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fEASTback Model: Optimizing Feedback with a Behavioral Perspective

Feedback

Providing feedback is essential for driving innovation, improving technical and behavioral skills, and strengthening team dynamics. The EAST methodology (Easy, Attractive, Social, Timely) offers a powerful framework for delivering feedback in a way that is more easily received and applied, which can help promote an environment of continuous growth. By applying these principles, individuals can overcome common challenges in feedback communication, transforming interactions into opportunities for personal and professional development. Considering the above, this post explains how each element of the EAST model can be applied to delivering feedback in an organization. For this, specific and applicable examples are proposed, illustrating how this methodology can be effectively implemented.

 

1. Easy

When giving feedback, it’s important to be clear and decisive about what needs to change or improve. Also, it’s important to specify what actions should be followed, adapting to the needs and contexts of the team.

Examples:

  • Implementation of Agile tools: After a retrospective, instead of vague comments like “Let’s improve collaboration,” it proposes: “Let’s use Jira to assign specific tasks after a meeting, ensuring clear follow-up.”
  • Specific feedback, not general: Provides concrete examples of behaviors to change. “In yesterday’s meeting, you interrupted a colleague several times. You must allow everyone to express their considerations before giving your opinion.”
  • Actionable steps: Break down feedback into small, manageable tasks. “To improve your punctuality, try organizing your tasks the night before and set reminders 10 minutes before each meeting.”

 

2. Attractive

It’s important to present feedback in a way that captures the attention and interest of the recipient. To do this, it can be positive not only to highlight the benefits that change or improvements would imply for the project, but especially for the individual. Personalizing feedback to align personal interests with project goals increases its perceived value.

Examples:

  • Highlight the benefits of change: Explain how the change not only benefits the organization but also the personal growth of the recipient. “Improving your presentation skills will increase your visibility and open up opportunities for leadership roles.”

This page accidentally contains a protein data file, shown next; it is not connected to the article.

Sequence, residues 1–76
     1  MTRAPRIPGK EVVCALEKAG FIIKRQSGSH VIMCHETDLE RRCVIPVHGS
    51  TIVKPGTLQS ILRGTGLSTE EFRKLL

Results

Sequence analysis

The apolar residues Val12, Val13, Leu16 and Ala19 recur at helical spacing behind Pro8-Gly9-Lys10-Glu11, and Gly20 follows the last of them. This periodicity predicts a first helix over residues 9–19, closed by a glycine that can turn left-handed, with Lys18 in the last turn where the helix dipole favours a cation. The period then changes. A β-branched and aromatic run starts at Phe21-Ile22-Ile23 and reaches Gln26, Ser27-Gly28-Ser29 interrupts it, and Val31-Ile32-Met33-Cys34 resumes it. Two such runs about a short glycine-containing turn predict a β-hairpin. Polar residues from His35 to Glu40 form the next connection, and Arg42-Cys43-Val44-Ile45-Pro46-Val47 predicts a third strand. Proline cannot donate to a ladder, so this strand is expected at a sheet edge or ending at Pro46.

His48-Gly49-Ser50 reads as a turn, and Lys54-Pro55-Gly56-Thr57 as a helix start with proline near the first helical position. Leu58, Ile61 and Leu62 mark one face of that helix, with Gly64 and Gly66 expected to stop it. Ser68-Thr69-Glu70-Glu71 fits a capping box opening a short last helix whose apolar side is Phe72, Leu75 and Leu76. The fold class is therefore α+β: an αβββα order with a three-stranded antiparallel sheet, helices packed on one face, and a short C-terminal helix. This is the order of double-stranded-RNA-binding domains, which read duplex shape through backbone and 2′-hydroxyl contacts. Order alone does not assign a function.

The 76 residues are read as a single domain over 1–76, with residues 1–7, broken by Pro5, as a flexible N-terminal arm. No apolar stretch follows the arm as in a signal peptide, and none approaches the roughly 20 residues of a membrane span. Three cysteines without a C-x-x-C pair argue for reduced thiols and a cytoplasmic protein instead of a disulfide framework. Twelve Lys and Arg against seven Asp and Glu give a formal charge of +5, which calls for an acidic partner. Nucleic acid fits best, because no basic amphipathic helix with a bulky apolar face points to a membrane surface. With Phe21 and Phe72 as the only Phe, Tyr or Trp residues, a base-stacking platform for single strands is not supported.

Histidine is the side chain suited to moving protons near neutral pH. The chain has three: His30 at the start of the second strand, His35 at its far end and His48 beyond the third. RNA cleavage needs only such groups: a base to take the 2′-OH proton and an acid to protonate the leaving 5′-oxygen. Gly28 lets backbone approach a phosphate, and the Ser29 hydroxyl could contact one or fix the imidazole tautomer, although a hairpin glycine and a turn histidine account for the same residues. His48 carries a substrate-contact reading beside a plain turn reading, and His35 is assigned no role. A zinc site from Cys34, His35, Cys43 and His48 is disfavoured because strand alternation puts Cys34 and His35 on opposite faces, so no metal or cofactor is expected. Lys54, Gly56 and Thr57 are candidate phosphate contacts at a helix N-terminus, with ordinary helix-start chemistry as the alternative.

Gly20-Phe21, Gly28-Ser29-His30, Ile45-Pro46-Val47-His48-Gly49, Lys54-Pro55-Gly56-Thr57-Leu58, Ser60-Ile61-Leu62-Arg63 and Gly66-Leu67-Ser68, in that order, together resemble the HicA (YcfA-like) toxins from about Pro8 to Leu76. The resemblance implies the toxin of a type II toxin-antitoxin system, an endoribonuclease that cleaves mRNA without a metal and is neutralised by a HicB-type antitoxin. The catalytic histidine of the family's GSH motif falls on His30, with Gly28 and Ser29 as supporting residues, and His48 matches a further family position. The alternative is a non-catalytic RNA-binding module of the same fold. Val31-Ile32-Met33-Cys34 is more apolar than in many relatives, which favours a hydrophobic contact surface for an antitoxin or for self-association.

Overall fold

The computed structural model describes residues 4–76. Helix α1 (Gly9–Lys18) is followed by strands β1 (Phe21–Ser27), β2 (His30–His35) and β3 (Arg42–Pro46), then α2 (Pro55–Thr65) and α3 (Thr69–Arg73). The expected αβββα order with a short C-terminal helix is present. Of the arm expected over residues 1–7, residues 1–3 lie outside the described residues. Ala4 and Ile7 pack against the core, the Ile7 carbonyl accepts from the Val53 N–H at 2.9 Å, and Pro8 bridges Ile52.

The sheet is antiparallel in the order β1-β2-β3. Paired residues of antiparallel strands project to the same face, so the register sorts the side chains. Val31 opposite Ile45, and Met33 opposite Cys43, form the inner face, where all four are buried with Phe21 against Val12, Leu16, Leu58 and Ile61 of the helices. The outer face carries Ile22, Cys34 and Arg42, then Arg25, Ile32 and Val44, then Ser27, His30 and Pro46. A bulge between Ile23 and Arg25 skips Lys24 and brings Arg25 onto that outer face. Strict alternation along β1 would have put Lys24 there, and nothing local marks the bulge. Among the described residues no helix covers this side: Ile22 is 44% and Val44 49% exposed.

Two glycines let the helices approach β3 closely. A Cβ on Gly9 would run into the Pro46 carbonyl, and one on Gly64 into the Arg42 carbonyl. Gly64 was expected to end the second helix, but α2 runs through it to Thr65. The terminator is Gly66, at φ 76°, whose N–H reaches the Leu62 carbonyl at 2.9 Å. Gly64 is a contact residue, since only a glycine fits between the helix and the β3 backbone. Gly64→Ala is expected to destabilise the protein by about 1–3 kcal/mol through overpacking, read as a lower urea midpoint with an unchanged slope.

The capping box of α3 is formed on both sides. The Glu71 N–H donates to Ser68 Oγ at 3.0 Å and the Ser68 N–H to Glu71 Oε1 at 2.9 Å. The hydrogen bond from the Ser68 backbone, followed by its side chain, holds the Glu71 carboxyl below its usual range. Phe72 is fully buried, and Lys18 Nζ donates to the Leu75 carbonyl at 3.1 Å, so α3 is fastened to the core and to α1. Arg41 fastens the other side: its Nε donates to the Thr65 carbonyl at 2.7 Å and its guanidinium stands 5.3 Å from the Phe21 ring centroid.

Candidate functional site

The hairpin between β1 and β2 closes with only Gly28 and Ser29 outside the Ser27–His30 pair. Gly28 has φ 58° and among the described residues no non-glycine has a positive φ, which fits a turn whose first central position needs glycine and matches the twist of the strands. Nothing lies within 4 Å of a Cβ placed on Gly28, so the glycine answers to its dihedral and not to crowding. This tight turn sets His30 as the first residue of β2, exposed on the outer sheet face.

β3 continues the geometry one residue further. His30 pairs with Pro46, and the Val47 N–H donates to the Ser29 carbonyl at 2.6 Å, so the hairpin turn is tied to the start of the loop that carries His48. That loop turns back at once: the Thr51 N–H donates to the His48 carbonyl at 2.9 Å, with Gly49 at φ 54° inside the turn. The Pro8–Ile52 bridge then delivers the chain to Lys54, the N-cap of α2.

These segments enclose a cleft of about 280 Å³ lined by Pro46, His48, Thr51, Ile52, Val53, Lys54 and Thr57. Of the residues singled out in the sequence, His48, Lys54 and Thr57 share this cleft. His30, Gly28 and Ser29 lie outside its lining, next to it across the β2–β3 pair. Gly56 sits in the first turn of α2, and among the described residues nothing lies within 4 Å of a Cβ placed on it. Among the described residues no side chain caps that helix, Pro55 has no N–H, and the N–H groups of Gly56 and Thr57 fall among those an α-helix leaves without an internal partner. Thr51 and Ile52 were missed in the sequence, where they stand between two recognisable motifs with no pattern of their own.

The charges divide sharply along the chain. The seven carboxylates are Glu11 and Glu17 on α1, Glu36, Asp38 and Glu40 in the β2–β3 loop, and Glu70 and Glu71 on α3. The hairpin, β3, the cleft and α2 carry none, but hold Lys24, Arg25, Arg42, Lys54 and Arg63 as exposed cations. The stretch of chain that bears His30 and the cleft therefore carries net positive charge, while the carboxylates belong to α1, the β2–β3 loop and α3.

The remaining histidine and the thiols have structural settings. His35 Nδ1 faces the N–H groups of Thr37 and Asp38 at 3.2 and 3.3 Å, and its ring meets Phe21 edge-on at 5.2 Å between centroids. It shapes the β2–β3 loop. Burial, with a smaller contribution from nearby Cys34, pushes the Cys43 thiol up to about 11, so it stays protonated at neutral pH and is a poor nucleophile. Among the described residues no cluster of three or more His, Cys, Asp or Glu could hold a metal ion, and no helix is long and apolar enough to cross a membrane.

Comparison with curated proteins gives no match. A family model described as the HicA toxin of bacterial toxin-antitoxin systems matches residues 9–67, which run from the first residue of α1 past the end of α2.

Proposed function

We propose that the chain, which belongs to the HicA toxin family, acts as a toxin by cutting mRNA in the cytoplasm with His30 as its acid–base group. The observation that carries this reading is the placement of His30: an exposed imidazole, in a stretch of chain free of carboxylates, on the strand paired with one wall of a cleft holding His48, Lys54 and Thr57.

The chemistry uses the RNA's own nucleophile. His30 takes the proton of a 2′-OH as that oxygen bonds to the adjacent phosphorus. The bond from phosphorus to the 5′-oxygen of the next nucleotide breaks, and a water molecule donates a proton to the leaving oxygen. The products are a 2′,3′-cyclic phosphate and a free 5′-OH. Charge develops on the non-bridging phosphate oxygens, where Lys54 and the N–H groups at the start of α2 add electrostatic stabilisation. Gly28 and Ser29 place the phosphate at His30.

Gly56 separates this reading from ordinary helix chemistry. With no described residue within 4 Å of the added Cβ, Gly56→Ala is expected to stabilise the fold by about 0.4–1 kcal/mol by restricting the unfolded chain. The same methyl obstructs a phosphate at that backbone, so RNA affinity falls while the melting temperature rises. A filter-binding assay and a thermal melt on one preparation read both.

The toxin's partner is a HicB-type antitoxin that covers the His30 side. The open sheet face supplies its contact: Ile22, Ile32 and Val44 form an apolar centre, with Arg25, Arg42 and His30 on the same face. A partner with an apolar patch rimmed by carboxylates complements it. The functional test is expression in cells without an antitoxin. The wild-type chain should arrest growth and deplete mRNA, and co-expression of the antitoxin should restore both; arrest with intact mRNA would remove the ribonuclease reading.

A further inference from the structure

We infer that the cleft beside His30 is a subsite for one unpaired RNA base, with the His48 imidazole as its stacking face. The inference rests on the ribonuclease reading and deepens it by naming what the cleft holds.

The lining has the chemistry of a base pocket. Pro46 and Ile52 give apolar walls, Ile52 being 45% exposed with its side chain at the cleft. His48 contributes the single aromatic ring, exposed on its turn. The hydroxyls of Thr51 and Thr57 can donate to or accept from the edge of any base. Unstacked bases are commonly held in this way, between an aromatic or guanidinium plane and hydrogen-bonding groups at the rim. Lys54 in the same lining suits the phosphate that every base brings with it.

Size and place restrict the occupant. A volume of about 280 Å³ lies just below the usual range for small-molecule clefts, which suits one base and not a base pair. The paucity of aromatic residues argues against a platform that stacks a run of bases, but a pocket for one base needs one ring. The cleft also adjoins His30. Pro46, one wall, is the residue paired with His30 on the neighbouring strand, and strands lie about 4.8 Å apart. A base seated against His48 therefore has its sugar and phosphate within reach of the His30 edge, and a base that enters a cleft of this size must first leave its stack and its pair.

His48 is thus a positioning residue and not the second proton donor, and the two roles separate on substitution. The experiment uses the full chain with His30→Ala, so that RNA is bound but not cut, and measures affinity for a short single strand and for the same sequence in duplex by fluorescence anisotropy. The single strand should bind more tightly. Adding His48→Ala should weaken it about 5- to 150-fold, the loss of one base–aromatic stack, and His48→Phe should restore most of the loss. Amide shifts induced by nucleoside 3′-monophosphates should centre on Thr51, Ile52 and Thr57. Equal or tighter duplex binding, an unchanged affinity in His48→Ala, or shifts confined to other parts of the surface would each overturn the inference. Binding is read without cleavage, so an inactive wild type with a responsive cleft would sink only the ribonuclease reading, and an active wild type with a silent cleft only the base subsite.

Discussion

• Recognition and rewards: Offers tangible or intangible incentives for achieving improvements based on feedback. “If you achieve this sales goal, you will be recognized at the next team meeting.”
  • Positive feedback: Includes what they are doing well, not just what they need to improve. “Your ability to close complex deals is impressive, and if you increase your client follow-up, you could exceed your sales goals.”

 

3. Social

People are influenced by what others do. Suggesting that a behavior is being performed by several colleagues can encourage individuals to also perform it. Likewise, changes can be motivated by making the recipient feel part of a community that values their evolution. Seeing the progress of colleagues and celebrating achievements together strengthens the team’s commitment and motivation.

Examples:

  • Accompaniment: Assign someone who has gone through a similar process to the recipient or establish pair programming sessions with a colleague. “Carlos, who significantly improved his time management skills last year, can give you practical advice and support.”
  • Share achievements: Encourages sharing achievements related to feedback in team meetings. “When you implement these changes, let’s share your achievements at the next meeting to celebrate your progress.”
  • Constructive group feedback: Facilitates sessions where colleagues can offer each other positive and constructive feedback. “We will organize quarterly peer feedback sessions to discuss our progress and challenges.”

 

4. Timely

Keep in mind that the timing of feedback delivery can make a big difference in how it is received and acted upon. Timeliness ensures relevance and maximizes impact.

Examples:

  • After observing behavior: Provide feedback as soon as possible after a relevant event. “After your presentation today, I would like to offer you some points for improvement and highlight what you did well.”
  • In moments of openness to change: Take advantage of moments when the person is looking to grow or improve, such as during Sprint retrospectives. “I noticed you’re interested in advancing your career; let’s talk about how we can achieve this together.”
  • Before critical events: Offer feedback that can be immediately applied before an important task. “Before your next client presentation, let’s review the key points together to ensure its success.”

Conclusion

This approach recognizes the importance of personalizing feedback, celebrating achievements, fostering community support, and delivering feedback on time. By doing so, we create a culture of continuous feedback where people feel valued and motivated to reach their full potential, benefiting both their personal careers and the company’s objectives.

 

If you want to read a Spanish version of this you can do it here

 

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Felipe Garzon C

Felipe Garzon Correa is Talent Development Manager at Perficient with over ten years of experience leading people to grow. Felipe is an AI and product management nerd and behavioral scientist.

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